That if possible I may attain to the [spiritual and moral] resurrection [that lifts me] out from among the dead [even while in the body]. (Phil 3:10-11 AMP)

     If you’re so inspired to do, read that again. Paul desires God – the whole package: good and bad. The bliss and that sanctifying affliction that leads to it.

     Sounds like quite an awesome quest on a grander than “Fellowship of the Ring” scale, yes? 

     So, how do we get there?

Psalm 1 reads:
“Blessed is the man who does not walk in the counsel of the wicked 
or stand in the way of the sinner or 
sit in the seat of mocker.
but his delight is in the law of the Lord,
    and he meditates on his law day and night.”
 4 Minutes, 4 Stages
     Here’s a great key to that intimacy – meditating on the law of the Lord day and night. “Quiet time” or “time with the Lord” is often one of the places where languishing faith gets stuck in the mud. Many having never “learned” to have a quiet time simply find themselves wandering. Other times, I’ve found the tyranny of the urgent crowding out my time with God at precisely the time I should be leaning into it.

     So, here’s a touch of structure a mentor once shared with me. I challenge you to try it first with a four minute block of time and see how fast it begins to grow to over an hour. Divide the time up into four stages and commit to using it in these four ways:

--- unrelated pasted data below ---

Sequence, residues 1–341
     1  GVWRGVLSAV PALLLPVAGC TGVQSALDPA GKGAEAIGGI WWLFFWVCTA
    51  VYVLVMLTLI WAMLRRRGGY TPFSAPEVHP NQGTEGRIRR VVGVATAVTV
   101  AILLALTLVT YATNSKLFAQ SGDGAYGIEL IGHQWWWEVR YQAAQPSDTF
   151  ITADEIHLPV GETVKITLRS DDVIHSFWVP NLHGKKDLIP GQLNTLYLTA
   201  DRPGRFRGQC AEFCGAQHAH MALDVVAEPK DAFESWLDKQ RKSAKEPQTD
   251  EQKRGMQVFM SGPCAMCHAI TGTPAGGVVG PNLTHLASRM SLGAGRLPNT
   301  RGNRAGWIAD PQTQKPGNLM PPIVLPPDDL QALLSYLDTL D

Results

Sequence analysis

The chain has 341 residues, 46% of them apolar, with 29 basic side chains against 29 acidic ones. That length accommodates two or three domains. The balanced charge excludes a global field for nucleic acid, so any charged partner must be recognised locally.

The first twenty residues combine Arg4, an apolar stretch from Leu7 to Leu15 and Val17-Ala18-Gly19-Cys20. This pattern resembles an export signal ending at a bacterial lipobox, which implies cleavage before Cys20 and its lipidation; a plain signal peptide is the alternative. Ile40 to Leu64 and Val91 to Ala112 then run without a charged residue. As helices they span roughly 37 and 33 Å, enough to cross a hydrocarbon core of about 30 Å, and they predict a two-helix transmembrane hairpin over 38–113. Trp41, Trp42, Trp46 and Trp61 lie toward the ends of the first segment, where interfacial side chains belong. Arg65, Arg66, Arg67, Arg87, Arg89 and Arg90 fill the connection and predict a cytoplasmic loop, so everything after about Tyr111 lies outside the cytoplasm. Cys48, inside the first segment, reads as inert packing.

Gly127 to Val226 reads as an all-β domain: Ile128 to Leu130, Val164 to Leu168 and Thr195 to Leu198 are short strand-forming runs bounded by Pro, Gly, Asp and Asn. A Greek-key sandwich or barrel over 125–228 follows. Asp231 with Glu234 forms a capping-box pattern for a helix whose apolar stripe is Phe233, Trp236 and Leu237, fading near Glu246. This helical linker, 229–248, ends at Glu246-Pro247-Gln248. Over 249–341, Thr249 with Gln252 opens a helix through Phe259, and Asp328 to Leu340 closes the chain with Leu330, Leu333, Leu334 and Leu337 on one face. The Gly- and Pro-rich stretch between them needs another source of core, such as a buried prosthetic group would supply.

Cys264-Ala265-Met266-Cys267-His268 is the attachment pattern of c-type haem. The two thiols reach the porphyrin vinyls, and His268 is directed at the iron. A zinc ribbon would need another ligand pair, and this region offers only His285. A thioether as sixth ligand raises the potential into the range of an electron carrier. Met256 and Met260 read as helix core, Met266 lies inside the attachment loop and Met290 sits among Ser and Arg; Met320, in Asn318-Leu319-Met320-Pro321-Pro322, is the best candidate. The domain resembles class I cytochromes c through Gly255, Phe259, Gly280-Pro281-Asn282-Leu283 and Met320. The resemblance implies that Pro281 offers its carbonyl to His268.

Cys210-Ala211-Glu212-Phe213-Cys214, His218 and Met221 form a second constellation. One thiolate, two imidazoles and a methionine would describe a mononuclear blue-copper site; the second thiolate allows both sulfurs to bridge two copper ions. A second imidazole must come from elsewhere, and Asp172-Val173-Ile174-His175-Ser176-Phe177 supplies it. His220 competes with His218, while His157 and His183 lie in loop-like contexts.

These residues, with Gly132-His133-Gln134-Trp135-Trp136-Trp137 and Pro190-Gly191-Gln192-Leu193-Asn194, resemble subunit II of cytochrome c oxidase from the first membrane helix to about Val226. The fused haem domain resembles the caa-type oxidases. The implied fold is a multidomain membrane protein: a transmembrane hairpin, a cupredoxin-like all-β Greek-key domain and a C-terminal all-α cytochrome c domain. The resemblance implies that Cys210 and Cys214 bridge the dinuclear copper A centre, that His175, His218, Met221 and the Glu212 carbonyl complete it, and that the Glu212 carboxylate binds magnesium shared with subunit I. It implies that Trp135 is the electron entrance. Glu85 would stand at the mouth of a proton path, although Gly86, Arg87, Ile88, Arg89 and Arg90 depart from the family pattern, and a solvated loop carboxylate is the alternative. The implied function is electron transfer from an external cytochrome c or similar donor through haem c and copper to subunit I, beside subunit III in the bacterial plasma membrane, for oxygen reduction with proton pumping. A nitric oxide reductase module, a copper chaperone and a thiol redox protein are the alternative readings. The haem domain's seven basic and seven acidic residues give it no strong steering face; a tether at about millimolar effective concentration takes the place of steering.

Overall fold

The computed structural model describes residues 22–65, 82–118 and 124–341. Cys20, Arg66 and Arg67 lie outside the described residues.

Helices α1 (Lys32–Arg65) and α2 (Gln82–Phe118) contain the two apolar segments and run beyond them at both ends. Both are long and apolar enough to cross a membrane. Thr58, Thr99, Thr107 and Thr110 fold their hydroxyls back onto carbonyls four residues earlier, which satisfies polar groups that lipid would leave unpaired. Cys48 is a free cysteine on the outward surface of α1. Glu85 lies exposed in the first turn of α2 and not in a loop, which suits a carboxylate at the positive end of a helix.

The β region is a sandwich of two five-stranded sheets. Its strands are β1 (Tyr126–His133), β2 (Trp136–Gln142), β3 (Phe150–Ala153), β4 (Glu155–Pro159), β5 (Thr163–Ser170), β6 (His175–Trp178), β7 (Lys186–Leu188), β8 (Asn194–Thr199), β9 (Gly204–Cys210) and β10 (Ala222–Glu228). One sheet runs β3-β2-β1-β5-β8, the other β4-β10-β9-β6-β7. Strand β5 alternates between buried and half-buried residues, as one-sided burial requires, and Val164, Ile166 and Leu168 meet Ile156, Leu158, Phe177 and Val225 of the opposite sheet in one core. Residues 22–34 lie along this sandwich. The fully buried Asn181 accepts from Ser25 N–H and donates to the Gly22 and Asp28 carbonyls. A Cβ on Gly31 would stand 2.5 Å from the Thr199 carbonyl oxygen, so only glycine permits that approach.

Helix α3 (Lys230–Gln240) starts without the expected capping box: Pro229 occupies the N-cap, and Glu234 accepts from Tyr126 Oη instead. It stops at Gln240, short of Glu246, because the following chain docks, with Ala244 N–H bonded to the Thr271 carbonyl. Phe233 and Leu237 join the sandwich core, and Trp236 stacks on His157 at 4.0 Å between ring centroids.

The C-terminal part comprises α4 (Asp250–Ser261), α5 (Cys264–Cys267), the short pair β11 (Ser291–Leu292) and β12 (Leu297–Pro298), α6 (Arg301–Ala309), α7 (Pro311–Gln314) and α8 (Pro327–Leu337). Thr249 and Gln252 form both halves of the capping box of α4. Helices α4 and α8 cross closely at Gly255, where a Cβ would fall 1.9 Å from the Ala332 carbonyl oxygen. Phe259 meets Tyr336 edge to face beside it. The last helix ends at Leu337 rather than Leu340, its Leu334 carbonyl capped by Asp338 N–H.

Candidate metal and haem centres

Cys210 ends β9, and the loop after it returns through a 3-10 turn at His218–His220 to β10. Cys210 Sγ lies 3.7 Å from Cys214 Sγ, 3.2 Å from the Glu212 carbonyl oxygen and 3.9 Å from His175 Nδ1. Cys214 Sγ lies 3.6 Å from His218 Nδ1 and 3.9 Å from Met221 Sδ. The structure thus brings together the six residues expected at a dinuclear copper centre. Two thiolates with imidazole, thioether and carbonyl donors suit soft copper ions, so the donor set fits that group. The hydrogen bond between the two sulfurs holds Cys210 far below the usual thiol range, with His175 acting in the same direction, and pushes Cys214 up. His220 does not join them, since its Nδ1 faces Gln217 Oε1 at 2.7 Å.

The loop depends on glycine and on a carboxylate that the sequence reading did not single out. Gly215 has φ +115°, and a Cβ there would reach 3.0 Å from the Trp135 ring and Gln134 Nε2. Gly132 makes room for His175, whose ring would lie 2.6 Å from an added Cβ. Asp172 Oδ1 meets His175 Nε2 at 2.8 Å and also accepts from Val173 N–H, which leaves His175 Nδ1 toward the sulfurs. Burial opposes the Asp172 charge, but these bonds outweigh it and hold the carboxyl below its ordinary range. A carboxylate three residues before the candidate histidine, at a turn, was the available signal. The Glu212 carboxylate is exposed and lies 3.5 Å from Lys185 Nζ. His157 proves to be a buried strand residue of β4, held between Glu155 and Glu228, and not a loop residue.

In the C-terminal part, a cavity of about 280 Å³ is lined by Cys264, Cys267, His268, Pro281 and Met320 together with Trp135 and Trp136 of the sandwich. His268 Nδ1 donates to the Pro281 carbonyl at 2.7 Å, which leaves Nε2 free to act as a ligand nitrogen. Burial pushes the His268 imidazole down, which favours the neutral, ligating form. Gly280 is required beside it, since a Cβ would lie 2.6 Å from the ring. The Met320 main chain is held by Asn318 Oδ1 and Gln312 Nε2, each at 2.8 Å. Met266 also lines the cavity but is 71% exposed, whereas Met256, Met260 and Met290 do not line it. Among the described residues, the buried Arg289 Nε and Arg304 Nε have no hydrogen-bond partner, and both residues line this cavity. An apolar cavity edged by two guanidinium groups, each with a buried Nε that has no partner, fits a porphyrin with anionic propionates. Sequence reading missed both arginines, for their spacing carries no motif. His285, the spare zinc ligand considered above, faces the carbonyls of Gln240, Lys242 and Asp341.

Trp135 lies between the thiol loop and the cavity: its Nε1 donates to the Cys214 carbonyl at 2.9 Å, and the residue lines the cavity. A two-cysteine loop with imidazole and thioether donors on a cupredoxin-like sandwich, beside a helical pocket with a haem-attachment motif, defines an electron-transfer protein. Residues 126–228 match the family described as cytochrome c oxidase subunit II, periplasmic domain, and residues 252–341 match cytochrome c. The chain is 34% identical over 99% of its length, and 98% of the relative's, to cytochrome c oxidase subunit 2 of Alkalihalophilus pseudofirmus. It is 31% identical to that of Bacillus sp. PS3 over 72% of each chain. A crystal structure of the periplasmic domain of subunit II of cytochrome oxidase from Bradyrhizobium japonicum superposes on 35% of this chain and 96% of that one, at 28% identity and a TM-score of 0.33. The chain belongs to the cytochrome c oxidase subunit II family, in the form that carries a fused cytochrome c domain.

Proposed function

1. Read in Psalms or Proverbs
2. Praise and thank God
3. Listen silently
4. Present one BIG request before Him

     Don’t aim for great length, rather consistency. If you find one of the stages getting longer (which you will), do everything you can to keep the others the same length as that longest one. You will find the time expanding rapidly. It’s okay, this is the work of the Spirit drawing you to the Father.
    I have discovered my appetite for the word to be growing deeper and desire to be in His presence greater in just two times through this structure. I hope you will share this with someone who is in a dry season or stuck in second gear in their faith. But, most of all, I pray that He will catch you heart on fire for Him as Paul describes in Philippians.

in it with you,

AP